The Blue Angels is the United States Navy‘s flight demonstration squadron, with aviators from the Navy and Marines. Blue Angels six demonstration pilots currently fly the McDonnell Douglas F/A-18 E/F Super Hornet, typically in more than 70 shows at 34 locations throughout the United States each year. The Blue Angels also visit more than 50,000 people in a standard show season (March through November) in schools and hospitals. Since 1946, the Blue Angels have flown for more than 260 million spectators.
The show’s narrator flies Blue Angel 7, a two-seat F/A-18F Super Hornet, to show sites. The Blues use this jet for backup, and to give demonstration rides to VIP civilians. Two backseats at each show are available; one of them goes to members of the press, the other to a local “Key Influencers”. The No. 4 slot pilot often flies the No. 7 aircraft in Friday’s “practice” shows.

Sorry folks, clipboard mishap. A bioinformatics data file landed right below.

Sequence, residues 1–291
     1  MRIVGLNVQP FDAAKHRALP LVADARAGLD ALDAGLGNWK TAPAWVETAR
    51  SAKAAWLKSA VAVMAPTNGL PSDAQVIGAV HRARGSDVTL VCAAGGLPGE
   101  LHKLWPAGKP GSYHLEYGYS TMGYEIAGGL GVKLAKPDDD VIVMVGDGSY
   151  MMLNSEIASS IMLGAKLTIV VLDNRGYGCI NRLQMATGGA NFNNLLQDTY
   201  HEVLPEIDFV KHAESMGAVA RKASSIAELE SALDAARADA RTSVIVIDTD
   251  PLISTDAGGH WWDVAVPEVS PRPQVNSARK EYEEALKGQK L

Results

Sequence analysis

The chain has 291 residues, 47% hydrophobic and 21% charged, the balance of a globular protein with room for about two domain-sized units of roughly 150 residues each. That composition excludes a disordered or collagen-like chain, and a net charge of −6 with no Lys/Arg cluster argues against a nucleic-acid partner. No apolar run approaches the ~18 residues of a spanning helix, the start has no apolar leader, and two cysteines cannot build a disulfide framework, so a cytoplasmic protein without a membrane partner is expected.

The Blue Angels use a United States Marine Corps Lockheed C-130J Hercules, nicknamed “Fat Albert”, for their logistics, carrying spare parts, equipment, and to carry support personnel between shows. Beginning in 1975, “Bert” was used for Jet Assisted Take Off (JATO) and short aerial demonstrations just prior to the main event at selected venues, but the JATO demonstration ended in 2009 due to dwindling supplies of rockets.
The beloved C-130J may* open the flight demonstration with its own solo performance, demonstrating the astounding nimbleness of this legendary four-turboprop transport. Weighing 155,000 pounds when fully loaded, Fat Albert is flown by an all-Marine crew of three pilots and five enlisted crew members. It flies more than 100,000 miles each air show season.
*The C-130J is NOT guaranteed to do a demo flight at each show.